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“Promoting Lifelong Healthy Habits Through Design”
The Stanford Center on Longevity Design Challenge is a global competition that encourages students to design products and services to improve well-being across the lifespan. In its fifth year, the Challenge is focused on ideas that create and support healthy habits –including financial, physical, and social behaviors—which are shown to improve quality of life.
Why habits matter:
The extension of average life expectancy around the globe over the past 100 years is unprecedented in human history. People living in the developed world can now regularly expect to live into their 80’s and beyond. According to the Sightlines Project of the Stanford Center on Longevity, there are key factors in the realm of healthy living, financial security, and social engagement that impact the quality of life at every age. “Effective actions to address these issues via policies, awareness and innovation can improve individual and national well-being as we enable and prepare for living well and living long in 21st century America.” The 2017-2018 Challenge focuses on promoting habits that maximize physical, mental, and financial resources for individuals and families of any age.
What “Quality of Life” means:
Three out of four Americans surveyed in 2016 indicated that they want to live to 100 if they can do so in good health. But quality of life includes much more than just physical wellbeing. Compelling scientific evidence indicates that living long and living well is most realistic for those who are socially engaged, adopt healthy living behaviors, and are able to build financial security.
Optimizing for quality of life therefore includes actions and behaviors at all ages. For example, financial security begins with practices and attitudes that individuals engage in from their 20s and onward. Additionally, regular community and social engagement are positive indicators of future health and life satisfaction.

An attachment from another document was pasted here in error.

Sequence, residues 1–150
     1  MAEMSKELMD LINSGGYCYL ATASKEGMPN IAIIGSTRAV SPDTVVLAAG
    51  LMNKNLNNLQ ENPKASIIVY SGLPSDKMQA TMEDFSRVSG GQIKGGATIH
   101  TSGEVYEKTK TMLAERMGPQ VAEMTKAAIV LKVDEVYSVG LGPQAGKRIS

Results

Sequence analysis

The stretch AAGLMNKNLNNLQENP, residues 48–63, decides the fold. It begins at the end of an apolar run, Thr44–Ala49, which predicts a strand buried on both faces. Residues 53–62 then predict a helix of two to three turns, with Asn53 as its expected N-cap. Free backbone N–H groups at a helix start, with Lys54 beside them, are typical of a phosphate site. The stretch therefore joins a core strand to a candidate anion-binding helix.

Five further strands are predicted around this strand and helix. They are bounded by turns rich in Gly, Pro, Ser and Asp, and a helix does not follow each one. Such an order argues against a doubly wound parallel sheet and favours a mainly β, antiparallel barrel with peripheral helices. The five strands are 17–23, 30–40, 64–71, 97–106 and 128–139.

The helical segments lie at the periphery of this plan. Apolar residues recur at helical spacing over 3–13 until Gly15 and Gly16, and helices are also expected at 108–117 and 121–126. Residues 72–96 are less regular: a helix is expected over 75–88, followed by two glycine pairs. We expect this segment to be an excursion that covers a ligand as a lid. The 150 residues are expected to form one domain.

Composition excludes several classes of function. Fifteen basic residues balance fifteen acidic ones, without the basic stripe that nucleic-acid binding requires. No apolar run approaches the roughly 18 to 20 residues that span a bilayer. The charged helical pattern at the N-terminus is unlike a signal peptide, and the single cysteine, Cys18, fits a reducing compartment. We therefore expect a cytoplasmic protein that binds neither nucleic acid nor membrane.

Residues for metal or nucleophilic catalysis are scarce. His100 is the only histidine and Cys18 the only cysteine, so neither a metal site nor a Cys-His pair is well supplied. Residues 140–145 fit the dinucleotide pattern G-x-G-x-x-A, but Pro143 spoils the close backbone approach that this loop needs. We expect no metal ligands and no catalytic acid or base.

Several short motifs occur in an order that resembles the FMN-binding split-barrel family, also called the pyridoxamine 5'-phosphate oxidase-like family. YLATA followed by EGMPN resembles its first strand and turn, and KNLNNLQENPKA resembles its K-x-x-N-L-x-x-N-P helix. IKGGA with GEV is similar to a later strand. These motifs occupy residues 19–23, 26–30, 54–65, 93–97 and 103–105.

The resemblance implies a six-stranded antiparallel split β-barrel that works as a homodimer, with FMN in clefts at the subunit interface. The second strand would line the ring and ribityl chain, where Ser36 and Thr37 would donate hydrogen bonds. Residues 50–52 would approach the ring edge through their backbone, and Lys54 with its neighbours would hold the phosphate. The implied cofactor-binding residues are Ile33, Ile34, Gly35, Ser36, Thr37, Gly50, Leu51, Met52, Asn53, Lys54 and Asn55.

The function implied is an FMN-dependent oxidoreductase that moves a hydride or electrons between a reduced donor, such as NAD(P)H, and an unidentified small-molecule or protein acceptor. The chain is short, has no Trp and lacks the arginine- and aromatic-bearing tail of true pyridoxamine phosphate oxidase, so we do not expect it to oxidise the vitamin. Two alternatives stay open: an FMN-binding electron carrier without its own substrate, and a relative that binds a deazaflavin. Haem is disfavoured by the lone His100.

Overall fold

The Stanford Center on Longevity is looking for design ideas which promote habits that improve quality of life across the age spectrum. The best designs are innovative, engaging, practical, and readily understood. User testing of designs has been a critical step for past winners and novel, scalable, and inexpensive design solutions tend to be favored by judges. We invite submissions that meet these criteria and that promise to help people everywhere who wish to become mentally sharp, physically fit, and financially secure.
2016-2017 | “Aging in Place”
The challenge invited submissions to address the factors that allow individuals and families to remain in their homes throughout the lifespan and into old age.
- First Place – “TAME” by Hooriya Anam, Awais Shafique, and Arsalan Javed from the National University of Sciences and Technology in Islamabad, Pakistan
- Second Place – “Rendever” by Charles Lin and Kyle Rand at the Massachusetts Institute of Technology
- Third Place – “UPPO” by Lane Hering, Emma Lee, Charlene Lertlumprasert, Genesis Solano, and Gerrold Walker from Virginia Tech
2015-2016 | “Using Happiness to Optimize Longevity”
The challenge invited submissions to address three tracks: Mind, Mobility, and Financial Security, reflective of the Center on Longevity’s mission to enable people to reach old age Mentally Sharp, Physically Fit, and Financially Secure.
“Delight the Mind” (Mind Challenge)
- First Place – “Memoir Monopoly” from Cho Szu-Yang and Cheng Ya-Fang of National Taiwan University of Science and Technology
- Second Place – “Bath Chair” from National Yunlin University of Science (Taiwan)
- Third Place – “Echo” from National University of Singapore
“Discover the Motion” (Mobility Challenge)
- First Place – “City Cart” from Brandon Lopez and Eric Renard of San Francisco State University
- Second Place – “Yedi70” from Koc University at Istanbul
- Third Place – “POTALK” from National Chiao-Tung University (Taiwan)
Note: Insufficient entries were received to select finalists and make awards in the financial track.
2014-2015 | “Enabling Personal Mobility Across the Life Span”
The 2014-2015 Challenge invited designer to create solutions for empowering mobility among older adults at a personal level by: (1) reducing sedentary lifestyles, (2) encouraging and enabling physical movement and exercise, and (3) reducing barriers and increasing facilitators to mobility in the home and community.
- First Place – Nicholas Steigmann and Maiya Jensen from the California College of the Arts and their project “SPAN”
- Second Place – “HandleBar” from the University of California, Berkeley
- Third Place – “Luna Lights” from Northwestern University
- Stanford Longevity Technology Prize – “Flipod” from National University of Singapore
2013-2014 | “Maximizing Independence for those with Cognitive Impairment”
This 2013-2014 challenge focused on designing new solutions to keep individuals with cognitive impairment independent for as long as possible. The challenge asked designer to identify issues around quality of life, personal independence, and helping people experience the best parts of life for as long as possible.
- First Place – “EatWell” by Sha Yao from the Academy of Art University in San Francisco
- Second Place – “Taste+” from the KEIO-NUS CUTE center at the National University of Singapore
- Third Place – “Memory Maps” from the Copenhagen Institute of Design